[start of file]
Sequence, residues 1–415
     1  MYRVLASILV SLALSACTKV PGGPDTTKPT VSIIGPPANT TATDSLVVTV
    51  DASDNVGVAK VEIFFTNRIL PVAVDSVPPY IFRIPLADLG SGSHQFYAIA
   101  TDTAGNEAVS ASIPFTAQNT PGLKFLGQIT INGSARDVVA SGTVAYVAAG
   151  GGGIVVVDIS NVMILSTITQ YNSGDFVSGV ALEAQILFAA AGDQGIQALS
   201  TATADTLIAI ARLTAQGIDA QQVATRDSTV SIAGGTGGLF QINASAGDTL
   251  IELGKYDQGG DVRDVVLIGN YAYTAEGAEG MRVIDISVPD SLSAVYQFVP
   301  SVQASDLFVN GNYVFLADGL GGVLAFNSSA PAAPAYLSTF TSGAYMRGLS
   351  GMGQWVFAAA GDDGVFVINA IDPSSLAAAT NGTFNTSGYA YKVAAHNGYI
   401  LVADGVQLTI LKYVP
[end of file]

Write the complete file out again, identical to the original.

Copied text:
Sequence, residues 1–415
     1  MYRVLASILV SLALSACTKV PGGPDTTKPT VSIIGPPANT TATDSLVVTV
    51  DASDNVGVAK VEIFFTNRIL PVAVDSVPPY IFRIPLADLG SGSHQFYAIA
   101  TDTAGNEAVS ASIPFTAQNT PGLKFLGQIT INGSARDVVA SGTVAYVAAG
   151  GGGIVVVDIS NVMILSTITQ YNSGDFVSGV ALEAQILFAA AGDQGIQALS
   201  TATADTLIAI ARLTAQGIDA QQVATRDSTV SIAGGTGGLF QINASAGDTL
   251  IELGKYDQGG DVRDVVLIGN YAYTAEGAEG MRVIDISVPD SLSAVYQFVP
   301  SVQASDLFVN GNYVFLADGL GGVLAFNSSA PAAPAYLSTF TSGAYMRGLS
   351  GMGQWVFAAA GDDGVFVINA IDPSSLAAAT NGTFNTSGYA YKVAAHNGYI
   401  LVADGVQLTI LKYVP